Monday, July 20, 2015

The 17th century woman barbecues


© 2015 Christy K Robinson
Meat turns on spits at a cookhouse or tavern.


Gervase Markham’s book, The English Housewife, was published in 1615, when Mary Barrett (Dyer) was a small child, just the age to have to watch carefully around the large kitchen hearth with its multiple hot spots for roasting, baking, and boiling. She would have been raised to a familiarity with cooking for a household of adults, children, and servants.

We don’t know if she merely had an introduction to hearth cooking in order to supervise servants, or if she performed the work herself. But when the Dyers moved from London to new Boston in late 1635, and set up their home, they might have been short-handed until they were more firmly established. The chores for the colonial settlers were endless: candle-making, soap-making, beer brewing, food and herb gardening, domestic animal feeding, milking, and slaughter, cleaning, sewing and weaving, preparing summer food for winter storage, and a multitude of other tasks.

A look at Markham's barbecue lessons reveals that not much has changed in 400 years. Who doesn’t take primal satisfaction in food cooked over a fire, from steaks to S’mores to mystery-meat hot dogs? Vegetarians and vegans like a slight char on their vegetable skewer. People still love a barbecue meal, whether it’s a holiday party on the patio, or a sit-down in the restaurant. 


What we'd call barbecued or grilled, Markham called meat that’s cooked over flames “carbonado.” That’s not far off what we call burned food: carbonized. 



From The English Housewife, by Gervase Markham, 1615. 


"The Cook" by Bernardo.
On Carbonadoes
Charbonadoes, or carbonadoes, which is meat broyled upon the coals (and the invention thereof was first brought out of France as appears by the name) are of divers kinds according to mens pleasures; for there is no meat either boyled or roasted whatsoever, but may afterwards be broyled if the master thereof be disposed, yet the general dishes which for the most part are to be carbonadoed, are a breast of Mutton half boyled; a shoulder of Mutton half roasted, the legs, wings, and carkasses of Capon, Turkey, Goose or any other fowl whatsoever, especially Land fowl.  


What is to be carbonadoed
And lastly, the uttermost thick skin which covereth the ribbs of beef, and is called (being boyled,) the Inns of Court Goose, and is indeed a dish used most for wantonness, sometimes to please the appetite, to which may also be added the broyling of Pigs heads, or the brains of any fowl whatsoever after it is rosted and drest.

The manner of Carbonadoing

This scored meat was called "skotched."
Now for the manner of Carbonadoing, it is in this sort; you shall first take the meat you must Carbonado, and scotch [score or cut deeply] it both above and below; then sprinkle good store of salt upon it, and baste it all over with sweet butter melted; which done, take your Broyling-iron, I do not mean a Grid-iron (though it be much used for those purpose) because of the smoak of the coals, occasioned by the dropping of the meat, will ascend about it, and make it stink: but a Plate iron made with hooks and pricks, on which you may hang the meat; and set it close before the fire, and so the Plate heating the meat behind, as the fire doth before, it will both the sooner and with more neatness be ready: then, having turned it, and basted it till it be very brown, dredge it, and serve it up with Vinegar and Butter.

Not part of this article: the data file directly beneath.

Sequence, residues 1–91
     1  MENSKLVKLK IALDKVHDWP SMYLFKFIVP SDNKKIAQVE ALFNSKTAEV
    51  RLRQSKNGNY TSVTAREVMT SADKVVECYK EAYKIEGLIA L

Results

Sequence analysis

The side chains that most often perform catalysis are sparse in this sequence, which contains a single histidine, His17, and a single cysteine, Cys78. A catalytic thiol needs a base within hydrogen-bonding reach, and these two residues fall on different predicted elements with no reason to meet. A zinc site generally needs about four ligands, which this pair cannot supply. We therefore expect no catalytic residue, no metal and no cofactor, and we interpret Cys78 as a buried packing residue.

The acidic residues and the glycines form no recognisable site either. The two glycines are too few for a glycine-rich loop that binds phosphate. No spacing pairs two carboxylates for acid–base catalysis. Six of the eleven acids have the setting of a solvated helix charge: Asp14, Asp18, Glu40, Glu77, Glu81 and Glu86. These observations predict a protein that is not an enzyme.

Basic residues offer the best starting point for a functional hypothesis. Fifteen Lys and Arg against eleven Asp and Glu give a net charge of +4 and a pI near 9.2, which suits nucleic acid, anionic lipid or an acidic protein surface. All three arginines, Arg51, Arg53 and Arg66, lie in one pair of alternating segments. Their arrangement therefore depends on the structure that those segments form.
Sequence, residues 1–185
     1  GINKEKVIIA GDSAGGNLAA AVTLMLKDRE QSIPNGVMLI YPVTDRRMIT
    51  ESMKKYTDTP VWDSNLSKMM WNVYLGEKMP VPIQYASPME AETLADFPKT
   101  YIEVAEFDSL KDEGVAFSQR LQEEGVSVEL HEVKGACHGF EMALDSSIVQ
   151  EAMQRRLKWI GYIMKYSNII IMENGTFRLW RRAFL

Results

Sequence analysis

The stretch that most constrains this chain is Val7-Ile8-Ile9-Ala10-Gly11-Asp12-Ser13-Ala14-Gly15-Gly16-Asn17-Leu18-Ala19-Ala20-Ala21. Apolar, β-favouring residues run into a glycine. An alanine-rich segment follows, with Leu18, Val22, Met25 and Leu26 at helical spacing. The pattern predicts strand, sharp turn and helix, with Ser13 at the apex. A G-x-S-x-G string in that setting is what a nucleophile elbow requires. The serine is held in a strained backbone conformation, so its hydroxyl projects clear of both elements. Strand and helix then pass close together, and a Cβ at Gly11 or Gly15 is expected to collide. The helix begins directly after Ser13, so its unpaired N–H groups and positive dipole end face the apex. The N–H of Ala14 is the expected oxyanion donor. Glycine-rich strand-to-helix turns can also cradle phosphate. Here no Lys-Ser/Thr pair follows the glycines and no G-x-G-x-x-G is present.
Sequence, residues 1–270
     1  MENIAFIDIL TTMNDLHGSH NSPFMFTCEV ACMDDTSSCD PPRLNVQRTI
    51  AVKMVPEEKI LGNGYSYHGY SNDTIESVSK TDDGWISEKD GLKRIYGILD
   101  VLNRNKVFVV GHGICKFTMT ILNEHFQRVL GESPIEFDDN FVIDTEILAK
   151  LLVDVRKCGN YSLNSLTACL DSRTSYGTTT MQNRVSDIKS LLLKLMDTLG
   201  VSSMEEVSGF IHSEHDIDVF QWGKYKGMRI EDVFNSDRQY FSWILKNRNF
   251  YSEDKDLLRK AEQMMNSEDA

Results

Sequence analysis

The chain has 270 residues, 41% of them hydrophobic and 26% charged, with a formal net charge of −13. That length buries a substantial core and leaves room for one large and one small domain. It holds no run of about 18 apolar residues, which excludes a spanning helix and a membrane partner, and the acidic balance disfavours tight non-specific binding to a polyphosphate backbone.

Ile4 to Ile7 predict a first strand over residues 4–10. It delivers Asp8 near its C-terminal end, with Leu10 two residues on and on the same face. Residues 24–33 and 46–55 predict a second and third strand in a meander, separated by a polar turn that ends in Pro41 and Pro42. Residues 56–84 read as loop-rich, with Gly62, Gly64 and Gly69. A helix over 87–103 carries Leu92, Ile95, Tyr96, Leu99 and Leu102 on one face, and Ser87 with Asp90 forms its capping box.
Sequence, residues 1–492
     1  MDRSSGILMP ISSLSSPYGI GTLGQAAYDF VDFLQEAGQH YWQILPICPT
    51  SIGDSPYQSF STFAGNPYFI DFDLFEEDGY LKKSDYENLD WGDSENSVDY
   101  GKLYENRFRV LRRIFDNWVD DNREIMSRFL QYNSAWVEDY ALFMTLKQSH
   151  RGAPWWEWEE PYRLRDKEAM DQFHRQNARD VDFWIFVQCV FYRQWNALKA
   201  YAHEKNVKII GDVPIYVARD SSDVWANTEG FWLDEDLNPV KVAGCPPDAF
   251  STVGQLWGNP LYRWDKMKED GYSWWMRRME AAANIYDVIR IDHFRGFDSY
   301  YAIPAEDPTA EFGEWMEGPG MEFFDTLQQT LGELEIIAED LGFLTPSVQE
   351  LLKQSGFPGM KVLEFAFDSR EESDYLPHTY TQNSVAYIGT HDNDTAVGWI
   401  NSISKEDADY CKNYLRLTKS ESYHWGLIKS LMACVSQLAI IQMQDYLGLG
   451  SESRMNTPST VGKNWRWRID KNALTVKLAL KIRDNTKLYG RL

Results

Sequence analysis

"The Vegetable Stall" by Quiringh van Brekelenkam




Of the toasting of Mutton
Touching the toasting of Mutton, Venison, or any joynt of Meat, which is the most excellentest of all Carbanadoes, you shall take the fattest and the largest that can possibly be got (for lean meat is less of flavour, and little meat not worth your time:) and having scotcht it and cast Salt upon it, you shall set it on a strong fork, with a dripping pan underneath it, before the face of a quick fire, yet so far off that it may be no means scorch, but toast at leasure; then with that which falls from it, and wiht no other basting, see that you baste it continually, turning it ever and anon many times and so oft that it may soak and brown at great leasure, and as oft as you baste it, to oft sprinkle Salt upon it, and as you see it toast, scotch it deeper and deeper, epecially in the thickest and most fleshy parts where the blood most resteth, and when you see that no more blood droppeth from it, but the gravy is clear and white, then you shall serve it up either with Venison sauce, with Vinegar, Pepper, and Sugar Cinnamon, and the juyce of an Orange mixt together, and warmed with some of the gravy. 

***** 
Christy K Robinson is the author of The Dyers trilogy of books and Kindle ebooks. They chronicle the greatest people of the Great Migration: Mary and William Dyer, John Winthrop, Anne Hutchinson, Edward Hutchinson, Katherine Scott, Henry Vane, and many others. For links to these five-star-reviewed books, click HERE

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